Lonely Bull Trail
The Lonely Bull Trail is a primitive backpacking trail which starts from Mopani Rest Camp and is conducted in the large wilderness area between the Letaba low water bridge and the Mingerhout dam along the Letaba River.
The trail stretches over 4 days and three nights, with departures every Wednesday and Sunday between 1 February and 30 November. This trail allows its participants to spend three nights in this wilderness area without having the constraints of having to get to the next point or of following a prescribed route. The trail allows the trail leader to decide when and where to camp and how far and which route to follow. Hikers can leave their cars at Mopani Rest Camp in the designated parking area. The activity will be conducted by two experienced Trails Rangers and the maximum number of participants will be kept to eight people per trail with a minimum of 4 people. Guests are expected to provide their own camping equipment and food for the duration of the trail. There are no overnight huts on this trail. As the safety of hikers is of major importance, all participants have to bring tents and sleep in them every night while they are walking the trail. Participants will be responsible for setting up their own tents and for cooking their own food. No rubbish bins or toilets are provided at any of the overnight stops and the trail operates on a strictly “take it in, take it out” basis and strictly adheres to a “no trace camping” ethic. Please only use biodegradable products – soaps and detergents – on the trail.
- The group will meet at Mopani Rest Camp at 13:00 on the day of departure in order to leave the camp by 14:00. They will then be transported, using an open vehicle with a trailer, and dropped off at a predetermined drop off point (according to a rotational usage schedule).
- The group will then be collected at a predetermined collection point at 10:00 on the last day and transported back to Mopani Rest Camp. This ensures that walking can be done in any direction from the drop off point allowing the trails ranger to decide at random where to camp and how far to walk.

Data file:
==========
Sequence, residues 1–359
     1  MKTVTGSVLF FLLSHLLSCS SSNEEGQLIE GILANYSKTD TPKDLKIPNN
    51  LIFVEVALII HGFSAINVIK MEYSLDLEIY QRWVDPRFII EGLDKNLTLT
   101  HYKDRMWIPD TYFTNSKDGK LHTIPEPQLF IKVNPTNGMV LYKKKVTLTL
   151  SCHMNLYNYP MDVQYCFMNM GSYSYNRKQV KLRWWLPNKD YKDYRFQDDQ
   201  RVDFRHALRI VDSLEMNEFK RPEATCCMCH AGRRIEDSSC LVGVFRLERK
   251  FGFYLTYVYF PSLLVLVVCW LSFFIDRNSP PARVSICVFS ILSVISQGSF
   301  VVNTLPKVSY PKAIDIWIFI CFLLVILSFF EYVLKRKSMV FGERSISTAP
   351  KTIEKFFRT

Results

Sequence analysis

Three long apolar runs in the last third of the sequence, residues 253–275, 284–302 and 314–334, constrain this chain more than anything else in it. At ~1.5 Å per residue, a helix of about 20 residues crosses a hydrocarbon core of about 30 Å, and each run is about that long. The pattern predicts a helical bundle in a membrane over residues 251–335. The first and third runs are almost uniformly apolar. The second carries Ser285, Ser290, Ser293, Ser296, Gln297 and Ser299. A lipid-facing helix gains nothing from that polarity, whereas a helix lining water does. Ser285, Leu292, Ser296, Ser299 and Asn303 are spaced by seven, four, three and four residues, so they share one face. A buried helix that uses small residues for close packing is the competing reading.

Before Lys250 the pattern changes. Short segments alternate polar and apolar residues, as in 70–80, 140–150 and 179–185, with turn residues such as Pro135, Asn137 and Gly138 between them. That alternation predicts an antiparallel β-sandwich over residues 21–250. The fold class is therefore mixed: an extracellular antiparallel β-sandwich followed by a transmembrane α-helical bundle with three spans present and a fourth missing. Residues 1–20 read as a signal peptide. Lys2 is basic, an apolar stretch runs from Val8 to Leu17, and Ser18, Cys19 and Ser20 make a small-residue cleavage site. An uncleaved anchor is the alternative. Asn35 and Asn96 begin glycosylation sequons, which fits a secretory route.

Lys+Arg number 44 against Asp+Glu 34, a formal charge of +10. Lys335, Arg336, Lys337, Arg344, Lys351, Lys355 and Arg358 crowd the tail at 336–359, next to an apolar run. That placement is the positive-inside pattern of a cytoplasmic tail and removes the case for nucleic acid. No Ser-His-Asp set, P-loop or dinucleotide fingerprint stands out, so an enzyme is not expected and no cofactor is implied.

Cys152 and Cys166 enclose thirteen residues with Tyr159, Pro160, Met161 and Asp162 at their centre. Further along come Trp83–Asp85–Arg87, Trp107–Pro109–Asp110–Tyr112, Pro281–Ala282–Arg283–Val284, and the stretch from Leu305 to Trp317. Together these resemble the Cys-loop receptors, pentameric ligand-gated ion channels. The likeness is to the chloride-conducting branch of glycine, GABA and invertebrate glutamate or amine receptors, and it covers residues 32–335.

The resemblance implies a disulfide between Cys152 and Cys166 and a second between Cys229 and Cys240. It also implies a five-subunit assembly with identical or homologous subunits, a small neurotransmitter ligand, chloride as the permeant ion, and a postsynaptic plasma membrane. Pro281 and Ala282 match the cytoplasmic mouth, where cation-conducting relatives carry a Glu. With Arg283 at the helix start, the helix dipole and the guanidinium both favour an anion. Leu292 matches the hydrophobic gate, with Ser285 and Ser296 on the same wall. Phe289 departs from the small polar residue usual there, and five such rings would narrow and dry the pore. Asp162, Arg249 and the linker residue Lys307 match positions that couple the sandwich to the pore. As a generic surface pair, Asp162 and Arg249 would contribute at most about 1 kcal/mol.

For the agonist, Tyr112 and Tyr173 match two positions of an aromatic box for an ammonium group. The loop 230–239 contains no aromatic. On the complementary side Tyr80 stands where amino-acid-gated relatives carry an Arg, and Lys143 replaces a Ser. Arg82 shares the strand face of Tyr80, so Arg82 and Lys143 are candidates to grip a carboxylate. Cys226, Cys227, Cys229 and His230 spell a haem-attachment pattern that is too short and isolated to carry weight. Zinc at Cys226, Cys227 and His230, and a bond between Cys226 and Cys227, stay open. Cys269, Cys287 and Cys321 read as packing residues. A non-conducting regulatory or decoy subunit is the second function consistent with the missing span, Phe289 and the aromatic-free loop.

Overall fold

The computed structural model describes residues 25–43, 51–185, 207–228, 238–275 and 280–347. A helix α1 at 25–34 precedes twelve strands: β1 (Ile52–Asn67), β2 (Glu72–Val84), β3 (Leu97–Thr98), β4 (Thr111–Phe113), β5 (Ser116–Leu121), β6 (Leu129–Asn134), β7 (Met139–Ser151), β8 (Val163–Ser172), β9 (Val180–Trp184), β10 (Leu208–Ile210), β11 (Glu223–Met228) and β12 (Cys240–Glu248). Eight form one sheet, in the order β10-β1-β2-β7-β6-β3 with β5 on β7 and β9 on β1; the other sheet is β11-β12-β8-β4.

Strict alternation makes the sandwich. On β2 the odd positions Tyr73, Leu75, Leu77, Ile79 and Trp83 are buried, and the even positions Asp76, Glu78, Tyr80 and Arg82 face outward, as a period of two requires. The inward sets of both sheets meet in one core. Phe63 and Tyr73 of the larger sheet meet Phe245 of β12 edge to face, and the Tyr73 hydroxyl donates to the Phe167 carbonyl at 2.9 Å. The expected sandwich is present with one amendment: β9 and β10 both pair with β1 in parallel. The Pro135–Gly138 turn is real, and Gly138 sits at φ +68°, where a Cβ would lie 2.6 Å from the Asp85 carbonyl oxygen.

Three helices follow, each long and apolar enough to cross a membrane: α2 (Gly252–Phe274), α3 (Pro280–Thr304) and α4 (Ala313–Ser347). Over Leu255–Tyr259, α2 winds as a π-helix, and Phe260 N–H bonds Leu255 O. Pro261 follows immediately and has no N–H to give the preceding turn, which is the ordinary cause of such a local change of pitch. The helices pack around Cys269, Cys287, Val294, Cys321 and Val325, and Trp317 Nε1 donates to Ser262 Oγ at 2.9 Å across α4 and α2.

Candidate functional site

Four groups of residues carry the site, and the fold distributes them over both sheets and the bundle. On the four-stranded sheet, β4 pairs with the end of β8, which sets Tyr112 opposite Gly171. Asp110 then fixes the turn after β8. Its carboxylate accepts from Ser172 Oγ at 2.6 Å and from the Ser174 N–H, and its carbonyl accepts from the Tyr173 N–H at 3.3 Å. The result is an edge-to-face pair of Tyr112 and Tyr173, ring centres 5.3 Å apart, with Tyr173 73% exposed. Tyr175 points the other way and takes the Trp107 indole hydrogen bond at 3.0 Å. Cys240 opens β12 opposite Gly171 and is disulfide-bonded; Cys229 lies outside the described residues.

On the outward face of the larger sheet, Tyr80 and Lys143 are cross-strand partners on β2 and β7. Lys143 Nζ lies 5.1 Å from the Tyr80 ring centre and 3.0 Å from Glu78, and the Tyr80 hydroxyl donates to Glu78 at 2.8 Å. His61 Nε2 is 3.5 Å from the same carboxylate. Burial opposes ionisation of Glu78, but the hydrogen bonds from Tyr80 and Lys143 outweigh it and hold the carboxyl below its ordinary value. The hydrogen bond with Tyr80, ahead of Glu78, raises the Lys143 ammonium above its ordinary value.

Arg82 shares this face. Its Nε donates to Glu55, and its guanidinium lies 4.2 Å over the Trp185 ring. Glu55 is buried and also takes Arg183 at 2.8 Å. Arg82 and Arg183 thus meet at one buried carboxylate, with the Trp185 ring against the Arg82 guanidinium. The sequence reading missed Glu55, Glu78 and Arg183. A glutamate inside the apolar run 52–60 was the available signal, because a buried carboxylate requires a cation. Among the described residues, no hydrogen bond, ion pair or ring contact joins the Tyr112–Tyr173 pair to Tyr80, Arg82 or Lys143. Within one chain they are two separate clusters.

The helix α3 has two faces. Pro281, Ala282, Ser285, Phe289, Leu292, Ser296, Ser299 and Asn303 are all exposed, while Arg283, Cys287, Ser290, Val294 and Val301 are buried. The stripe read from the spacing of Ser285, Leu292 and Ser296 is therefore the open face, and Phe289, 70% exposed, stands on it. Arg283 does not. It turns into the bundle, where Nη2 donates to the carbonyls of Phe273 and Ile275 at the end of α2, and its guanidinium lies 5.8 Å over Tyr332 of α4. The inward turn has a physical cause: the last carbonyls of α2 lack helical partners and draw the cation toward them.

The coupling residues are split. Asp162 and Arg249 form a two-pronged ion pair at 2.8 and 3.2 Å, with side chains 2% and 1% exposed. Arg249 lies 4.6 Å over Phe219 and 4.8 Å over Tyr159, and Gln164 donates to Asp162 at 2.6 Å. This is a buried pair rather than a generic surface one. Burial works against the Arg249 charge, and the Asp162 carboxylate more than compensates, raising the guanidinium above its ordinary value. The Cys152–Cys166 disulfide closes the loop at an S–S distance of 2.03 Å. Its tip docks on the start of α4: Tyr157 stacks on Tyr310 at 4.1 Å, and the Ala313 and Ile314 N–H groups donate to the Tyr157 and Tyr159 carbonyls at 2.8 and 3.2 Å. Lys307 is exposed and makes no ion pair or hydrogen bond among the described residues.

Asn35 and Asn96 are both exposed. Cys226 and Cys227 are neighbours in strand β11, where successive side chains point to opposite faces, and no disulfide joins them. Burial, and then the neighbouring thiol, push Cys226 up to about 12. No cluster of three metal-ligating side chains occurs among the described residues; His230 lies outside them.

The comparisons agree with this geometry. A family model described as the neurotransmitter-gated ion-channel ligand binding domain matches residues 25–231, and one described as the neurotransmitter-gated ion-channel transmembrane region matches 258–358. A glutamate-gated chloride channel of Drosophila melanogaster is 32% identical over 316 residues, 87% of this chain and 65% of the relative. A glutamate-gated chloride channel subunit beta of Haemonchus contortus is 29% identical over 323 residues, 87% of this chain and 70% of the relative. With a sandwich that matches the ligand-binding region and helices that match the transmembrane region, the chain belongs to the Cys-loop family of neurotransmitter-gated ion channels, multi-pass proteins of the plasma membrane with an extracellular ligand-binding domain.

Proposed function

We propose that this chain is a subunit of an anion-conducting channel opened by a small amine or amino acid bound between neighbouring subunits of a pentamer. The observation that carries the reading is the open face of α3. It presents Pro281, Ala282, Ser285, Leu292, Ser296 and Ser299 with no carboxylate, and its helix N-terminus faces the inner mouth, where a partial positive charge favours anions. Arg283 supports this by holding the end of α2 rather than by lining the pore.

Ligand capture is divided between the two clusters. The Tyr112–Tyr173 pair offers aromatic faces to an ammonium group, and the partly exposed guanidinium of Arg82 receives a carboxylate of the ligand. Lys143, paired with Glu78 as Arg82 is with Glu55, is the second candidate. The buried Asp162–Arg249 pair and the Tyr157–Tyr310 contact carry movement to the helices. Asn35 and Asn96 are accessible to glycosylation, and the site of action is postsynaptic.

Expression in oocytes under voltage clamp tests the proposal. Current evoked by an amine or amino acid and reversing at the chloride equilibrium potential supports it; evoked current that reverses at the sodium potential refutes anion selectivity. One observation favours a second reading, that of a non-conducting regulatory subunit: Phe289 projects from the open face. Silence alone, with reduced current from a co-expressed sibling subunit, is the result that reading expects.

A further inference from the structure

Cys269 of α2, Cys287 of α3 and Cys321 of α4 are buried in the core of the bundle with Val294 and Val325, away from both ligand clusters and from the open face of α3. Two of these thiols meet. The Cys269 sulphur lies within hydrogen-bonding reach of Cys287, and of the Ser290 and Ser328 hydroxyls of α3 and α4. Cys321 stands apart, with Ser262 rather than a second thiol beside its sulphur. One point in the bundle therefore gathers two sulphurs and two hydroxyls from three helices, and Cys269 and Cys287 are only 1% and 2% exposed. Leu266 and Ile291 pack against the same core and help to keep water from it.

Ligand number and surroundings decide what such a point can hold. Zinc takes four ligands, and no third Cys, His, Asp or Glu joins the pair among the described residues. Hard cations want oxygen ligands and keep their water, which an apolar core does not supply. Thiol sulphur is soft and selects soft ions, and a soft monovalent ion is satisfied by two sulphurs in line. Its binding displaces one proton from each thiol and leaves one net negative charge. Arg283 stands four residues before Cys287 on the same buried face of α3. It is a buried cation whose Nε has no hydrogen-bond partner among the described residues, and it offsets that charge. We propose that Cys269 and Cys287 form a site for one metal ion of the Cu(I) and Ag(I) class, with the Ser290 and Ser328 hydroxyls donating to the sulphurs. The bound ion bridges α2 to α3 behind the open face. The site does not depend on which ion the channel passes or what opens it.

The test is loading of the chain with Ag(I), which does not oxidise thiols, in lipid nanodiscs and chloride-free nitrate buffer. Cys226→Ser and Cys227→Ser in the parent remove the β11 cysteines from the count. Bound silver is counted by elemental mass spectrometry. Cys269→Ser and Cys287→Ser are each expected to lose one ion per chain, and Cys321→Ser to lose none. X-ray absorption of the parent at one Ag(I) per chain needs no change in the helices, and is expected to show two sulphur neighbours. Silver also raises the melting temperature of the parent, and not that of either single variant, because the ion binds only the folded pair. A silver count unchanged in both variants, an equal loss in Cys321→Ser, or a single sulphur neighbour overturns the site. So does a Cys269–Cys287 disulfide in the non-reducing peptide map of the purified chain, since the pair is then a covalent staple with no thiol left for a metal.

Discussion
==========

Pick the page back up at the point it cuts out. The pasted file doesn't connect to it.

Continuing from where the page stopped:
- The trails ranger will be able to plan a circular or direct route to the pre-arranged collection point and will also be able to decide whether to spend more than one night at a particular camp site or not. This will allow the group the opportunity to walk at a slower pace and to leave their back packs at the camp and they then don’t have to lug heavy packs around and can enjoy more of the wilderness.
Olifants Trail (42km)
Commencing from Olifants Rest Camp, this trail stretches over four days and three nights, covering about 42 km. The trail does not include any overnight huts, therefore hikers must bring their own tents to sleep in. The trail leader will choose a suitable camp site each night, and participants will be responsible for setting up their own tents and carrying/cooking their own food.
The first day’s hike is quite an easy one of only 4-5 km to a camp site. For the remaining days, hikes will rise at the break of dawn to complete the first stretch of that day’s hike. During the maximum heat of day, no walking will take place, and a siesta can be enjoyed.
During siesta time, hikers can revel in the wild environment: trying to spot exciting bird species on the Olifants River’s banks, photographing the picturesque surroundings, soaking up the African sun… After siesta time, only a short hike will cover the last remaining kilometres to the overnight camp. Whatever option you choose, siesta time is your time to enjoy nature.
Fires are set up each night, but only for social and safety reasons, not cooking. Firewood will be used sparingly, and hikers are advised to bring gas stoves for cooking. As the trail follows the Olifants River, there is adequate water suitable for drinking. However, purification tablets (chlorine) are necessary.
The landscape is characterised by rugged veld and rocky areas. Magnificent species of large trees, such as Apple Leaf and Sycamore Fig, are found in these parts. This backpacking trail requires hikers to cover 10-15 km each day, carrying heavy packs. Therefore, a reasonable amount of fitness is required, and participants must present a medical certificate that proves they are fit and in good health.
The trail leader is a qualified and armed field guide, assisted by a second armed guide, for additional peace of mind. The guides will carry basic first aid kits, but no medicine. It is the responsibility of all hikers to take along their own supplies of general/prescription medicine.
A primitive backpacking trail that stretches over four days and three nights, with departures every Wednesday and Sunday between 1 February and 30 November.
Starting at Shingwedzi Camp, the trail allows its participants/trail leader to decide when and where to camp and which route to follow. No prescribed route is followed.
Guests must bring their own camping equipment and food for the duration of the trail. No overnight huts are available. Trailists can delight in fires each night, but please note that they are meant simply for social and safety reasons, not for cooking. A reasonable level of fitness is required from all participants, as four consecutive days of walking and carrying heavy packs can really take it out of you. It is worth noting that hikers must sign an indemnity form, and that the trail is undertaken at the hiker’s own risk.